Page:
Q: When you were a child, what was your response to this question: “What do you want to be when you grow up?”
A: A writer. I spent a lot of time writing poems and short stories and participating in elocution contests. My grandfather was a romantic at heart, and he inspired in me a deep appreciation for literature. I always liked math, but more in the form of solving puzzles that gave that all-too-familiar dopamine rush. It was only later in life that I realized that creativity has a universal appeal, be it through poetry or through mathematical theorems, and I chose the latter avenue.
Q: Share the pivotal moment in your life that helped you choose your field of study.
A: In high school, I subscribed to a math magazine called Mathematics Today, which contained weekly challenges. I started spending more and more time thinking about them and awaiting solutions that were published the following week. I would attribute the start of my mathematical career to those challenges.
Later, at the Indian Statistical Institute, I was lucky to have been taught by several influential Indian mathematicians of the time who introduced me to the more “poetic” side of mathematics. Instead of solving specific problems, the focus there was to develop general abstract theory to set intuition on a logically sound pedestal.
Q: Tell us about a time you encountered a tricky problem. How did you handle it and what did you learn from it?
A: Early in my PhD, I asked my advisor, Krzysztof “Chris” Burdzy, for a thesis problem. I was expecting him to tell me to read a bunch of research papers and extend or generalize an existing result. Instead, he gave me a picture! It was a snapshot of an evolving process comprising a bunch of particles, where there was a “leader” who moved in some random fashion — called a random walk or Brownian motion — and the remaining particles followed the leader. As the number of particles grew, this “Brownian conga line” showed interesting geometric patterns. On seeing the confused look on my face, Chris said that a big part of my PhD will be trying to interpret this picture.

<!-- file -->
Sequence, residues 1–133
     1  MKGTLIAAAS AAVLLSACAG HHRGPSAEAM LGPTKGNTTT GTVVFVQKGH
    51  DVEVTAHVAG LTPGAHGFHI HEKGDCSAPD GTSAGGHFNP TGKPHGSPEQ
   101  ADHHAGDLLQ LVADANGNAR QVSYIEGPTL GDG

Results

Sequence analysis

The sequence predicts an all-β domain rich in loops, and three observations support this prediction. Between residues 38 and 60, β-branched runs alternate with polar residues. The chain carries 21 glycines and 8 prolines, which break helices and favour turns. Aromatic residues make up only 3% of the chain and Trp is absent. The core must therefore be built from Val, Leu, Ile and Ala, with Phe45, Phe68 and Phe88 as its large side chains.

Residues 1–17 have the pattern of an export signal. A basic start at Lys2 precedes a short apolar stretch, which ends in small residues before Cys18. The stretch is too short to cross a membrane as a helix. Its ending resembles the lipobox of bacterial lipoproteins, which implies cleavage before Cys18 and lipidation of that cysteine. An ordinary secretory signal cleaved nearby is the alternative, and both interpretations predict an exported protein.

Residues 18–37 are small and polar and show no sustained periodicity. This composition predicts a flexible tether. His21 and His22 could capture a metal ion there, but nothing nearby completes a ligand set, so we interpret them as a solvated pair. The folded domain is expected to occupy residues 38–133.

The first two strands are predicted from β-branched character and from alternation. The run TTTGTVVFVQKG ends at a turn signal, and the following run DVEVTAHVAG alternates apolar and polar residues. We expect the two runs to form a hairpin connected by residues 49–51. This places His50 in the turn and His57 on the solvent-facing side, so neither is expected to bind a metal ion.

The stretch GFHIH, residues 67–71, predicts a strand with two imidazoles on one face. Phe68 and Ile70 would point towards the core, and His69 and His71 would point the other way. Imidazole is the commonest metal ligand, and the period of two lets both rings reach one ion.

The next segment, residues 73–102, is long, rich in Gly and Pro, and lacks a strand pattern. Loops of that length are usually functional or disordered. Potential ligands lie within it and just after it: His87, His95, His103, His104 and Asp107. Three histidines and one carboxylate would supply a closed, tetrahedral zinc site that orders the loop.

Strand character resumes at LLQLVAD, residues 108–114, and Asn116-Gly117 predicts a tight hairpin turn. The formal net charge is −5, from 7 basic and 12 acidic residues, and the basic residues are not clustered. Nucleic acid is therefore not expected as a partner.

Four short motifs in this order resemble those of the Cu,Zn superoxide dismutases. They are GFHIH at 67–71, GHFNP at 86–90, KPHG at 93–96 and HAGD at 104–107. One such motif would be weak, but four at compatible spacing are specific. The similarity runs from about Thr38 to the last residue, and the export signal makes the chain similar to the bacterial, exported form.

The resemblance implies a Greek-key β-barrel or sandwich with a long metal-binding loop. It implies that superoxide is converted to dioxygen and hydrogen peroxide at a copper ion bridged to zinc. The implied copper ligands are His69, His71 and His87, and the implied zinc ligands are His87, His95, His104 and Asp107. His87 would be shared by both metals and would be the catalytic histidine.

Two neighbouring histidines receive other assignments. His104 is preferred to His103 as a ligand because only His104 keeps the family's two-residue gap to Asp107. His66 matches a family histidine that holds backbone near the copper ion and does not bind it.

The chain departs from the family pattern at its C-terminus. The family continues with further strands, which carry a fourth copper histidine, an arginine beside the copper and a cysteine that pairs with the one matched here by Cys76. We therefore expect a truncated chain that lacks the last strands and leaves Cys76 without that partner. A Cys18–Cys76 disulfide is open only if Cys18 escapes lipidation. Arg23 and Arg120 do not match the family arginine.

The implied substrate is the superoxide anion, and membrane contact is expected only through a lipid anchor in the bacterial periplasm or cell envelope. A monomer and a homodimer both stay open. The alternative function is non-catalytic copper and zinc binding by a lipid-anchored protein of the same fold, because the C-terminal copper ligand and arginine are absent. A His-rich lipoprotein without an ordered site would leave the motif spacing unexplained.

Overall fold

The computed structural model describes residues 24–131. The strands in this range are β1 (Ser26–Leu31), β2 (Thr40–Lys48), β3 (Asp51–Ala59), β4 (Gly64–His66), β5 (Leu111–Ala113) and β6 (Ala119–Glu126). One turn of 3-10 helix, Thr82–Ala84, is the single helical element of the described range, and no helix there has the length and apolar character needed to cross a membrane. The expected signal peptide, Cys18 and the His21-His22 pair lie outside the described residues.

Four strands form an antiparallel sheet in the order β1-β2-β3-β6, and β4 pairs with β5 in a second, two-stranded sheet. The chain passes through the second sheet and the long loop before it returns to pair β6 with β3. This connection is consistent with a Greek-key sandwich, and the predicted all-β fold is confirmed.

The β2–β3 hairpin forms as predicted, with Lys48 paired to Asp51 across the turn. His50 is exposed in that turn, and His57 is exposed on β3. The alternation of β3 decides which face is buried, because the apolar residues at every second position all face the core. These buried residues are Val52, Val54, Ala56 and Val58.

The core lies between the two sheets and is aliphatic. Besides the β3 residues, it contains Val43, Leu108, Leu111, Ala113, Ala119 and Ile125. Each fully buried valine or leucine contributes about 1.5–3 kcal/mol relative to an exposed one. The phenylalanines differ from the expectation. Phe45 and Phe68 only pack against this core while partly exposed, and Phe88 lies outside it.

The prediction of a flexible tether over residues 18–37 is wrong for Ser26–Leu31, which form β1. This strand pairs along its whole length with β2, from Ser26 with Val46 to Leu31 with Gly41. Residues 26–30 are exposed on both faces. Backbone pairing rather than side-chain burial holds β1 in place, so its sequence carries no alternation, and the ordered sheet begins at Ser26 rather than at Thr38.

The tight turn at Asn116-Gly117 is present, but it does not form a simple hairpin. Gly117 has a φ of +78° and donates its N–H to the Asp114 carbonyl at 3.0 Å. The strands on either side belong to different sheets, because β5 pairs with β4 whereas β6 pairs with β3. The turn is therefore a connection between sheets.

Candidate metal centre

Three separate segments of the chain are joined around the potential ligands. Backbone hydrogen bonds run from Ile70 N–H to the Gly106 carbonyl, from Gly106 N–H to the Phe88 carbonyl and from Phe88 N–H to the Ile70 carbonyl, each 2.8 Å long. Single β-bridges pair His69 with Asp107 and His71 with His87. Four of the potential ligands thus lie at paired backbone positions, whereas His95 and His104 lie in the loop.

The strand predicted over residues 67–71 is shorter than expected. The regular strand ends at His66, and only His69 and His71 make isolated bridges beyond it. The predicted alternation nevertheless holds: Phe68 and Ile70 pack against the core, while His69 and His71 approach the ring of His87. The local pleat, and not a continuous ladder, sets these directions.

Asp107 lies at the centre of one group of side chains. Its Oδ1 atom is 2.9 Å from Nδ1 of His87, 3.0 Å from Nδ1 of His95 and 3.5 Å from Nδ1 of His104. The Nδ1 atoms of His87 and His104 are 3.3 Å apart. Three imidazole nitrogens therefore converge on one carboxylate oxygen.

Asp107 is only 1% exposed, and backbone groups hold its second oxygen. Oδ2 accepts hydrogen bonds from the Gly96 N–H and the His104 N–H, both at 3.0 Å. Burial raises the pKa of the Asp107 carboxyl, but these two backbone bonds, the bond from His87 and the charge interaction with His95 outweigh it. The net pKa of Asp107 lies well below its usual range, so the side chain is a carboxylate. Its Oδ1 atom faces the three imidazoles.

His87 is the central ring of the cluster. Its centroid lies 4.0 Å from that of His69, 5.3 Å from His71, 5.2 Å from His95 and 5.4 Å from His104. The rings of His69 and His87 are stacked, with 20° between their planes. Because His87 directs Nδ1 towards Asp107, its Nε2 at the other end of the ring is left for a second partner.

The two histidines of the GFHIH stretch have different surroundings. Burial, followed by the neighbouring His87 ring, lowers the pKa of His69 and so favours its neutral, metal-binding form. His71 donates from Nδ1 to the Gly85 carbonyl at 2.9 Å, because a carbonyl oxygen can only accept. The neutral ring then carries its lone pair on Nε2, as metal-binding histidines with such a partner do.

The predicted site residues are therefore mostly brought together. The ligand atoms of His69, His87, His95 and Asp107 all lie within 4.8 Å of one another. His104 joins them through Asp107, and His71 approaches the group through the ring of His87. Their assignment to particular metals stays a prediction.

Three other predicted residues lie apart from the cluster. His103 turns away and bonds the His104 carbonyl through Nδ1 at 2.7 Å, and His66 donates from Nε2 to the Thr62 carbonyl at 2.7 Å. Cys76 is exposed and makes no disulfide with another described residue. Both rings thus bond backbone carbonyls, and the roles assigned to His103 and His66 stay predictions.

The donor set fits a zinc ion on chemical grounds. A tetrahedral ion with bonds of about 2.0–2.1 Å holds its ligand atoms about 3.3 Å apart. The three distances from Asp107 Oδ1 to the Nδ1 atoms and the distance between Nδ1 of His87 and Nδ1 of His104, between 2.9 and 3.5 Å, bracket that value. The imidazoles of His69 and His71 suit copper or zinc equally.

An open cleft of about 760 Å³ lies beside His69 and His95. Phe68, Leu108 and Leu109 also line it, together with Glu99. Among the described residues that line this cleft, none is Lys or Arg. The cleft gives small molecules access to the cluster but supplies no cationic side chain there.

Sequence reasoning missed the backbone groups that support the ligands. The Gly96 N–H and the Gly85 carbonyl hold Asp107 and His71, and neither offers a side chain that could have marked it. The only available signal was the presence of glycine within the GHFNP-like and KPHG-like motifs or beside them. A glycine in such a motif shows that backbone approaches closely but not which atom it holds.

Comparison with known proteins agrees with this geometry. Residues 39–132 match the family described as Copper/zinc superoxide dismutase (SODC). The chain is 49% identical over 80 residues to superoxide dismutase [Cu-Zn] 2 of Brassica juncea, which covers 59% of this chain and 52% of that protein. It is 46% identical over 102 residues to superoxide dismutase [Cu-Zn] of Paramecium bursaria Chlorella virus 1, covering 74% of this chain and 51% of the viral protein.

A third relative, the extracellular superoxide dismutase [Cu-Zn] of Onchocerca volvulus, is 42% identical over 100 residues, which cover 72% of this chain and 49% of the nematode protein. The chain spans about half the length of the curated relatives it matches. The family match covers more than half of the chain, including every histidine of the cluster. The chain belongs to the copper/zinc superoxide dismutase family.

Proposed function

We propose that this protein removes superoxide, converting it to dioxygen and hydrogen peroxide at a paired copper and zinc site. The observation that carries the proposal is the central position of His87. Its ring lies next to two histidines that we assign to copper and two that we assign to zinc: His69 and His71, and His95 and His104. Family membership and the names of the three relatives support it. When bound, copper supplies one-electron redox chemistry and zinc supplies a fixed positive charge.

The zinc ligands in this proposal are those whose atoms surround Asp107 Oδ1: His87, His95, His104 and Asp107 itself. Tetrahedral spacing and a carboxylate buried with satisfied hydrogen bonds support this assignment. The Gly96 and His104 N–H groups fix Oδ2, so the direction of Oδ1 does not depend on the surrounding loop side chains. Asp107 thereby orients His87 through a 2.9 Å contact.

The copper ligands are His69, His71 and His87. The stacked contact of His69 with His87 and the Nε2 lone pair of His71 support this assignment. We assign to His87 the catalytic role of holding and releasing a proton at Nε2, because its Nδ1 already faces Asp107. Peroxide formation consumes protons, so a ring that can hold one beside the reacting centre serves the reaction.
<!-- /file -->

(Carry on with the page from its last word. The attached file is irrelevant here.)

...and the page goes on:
I read, learned, and applied whatever I thought was useful to understand it. Most techniques failed. Some worked. In the course of a year, this problem taught me more about research than anything else before or since. A good research problem is what puts you out of your comfort zone and challenges what you think you know. This one shaped my view of research. I don’t quite care if the problem I am working on concerns the hottest topic, as long as it makes me intellectually curious and leads to new and elegant mathematics.
PS: The “Brownian Conga Line” eventually became the main part of my thesis. It got published in one of the top probability journals.
Q: Describe your research in 5 words.
A: Random thoughts on random things.
Q: What are your passions outside of research?
A: I have always been somewhat of an amateur musician (vocals and some guitar). Both my parents are musically inclined, and they were a big influence growing up. Throughout college, grad school, and my years at UNC, I have been part of amateur musical groups. I have had far more good ideas while strumming my guitar than when I am actually working.
Besides, I am really into coffee. I did most of my research in cafés before the pandemic. I work well with passive distractions like the buzz of a café. During the pandemic, I was going crazy until my wife got me an espresso machine. We ceremoniously take Saturdays off from work to try out different brunch places and hang out in libraries.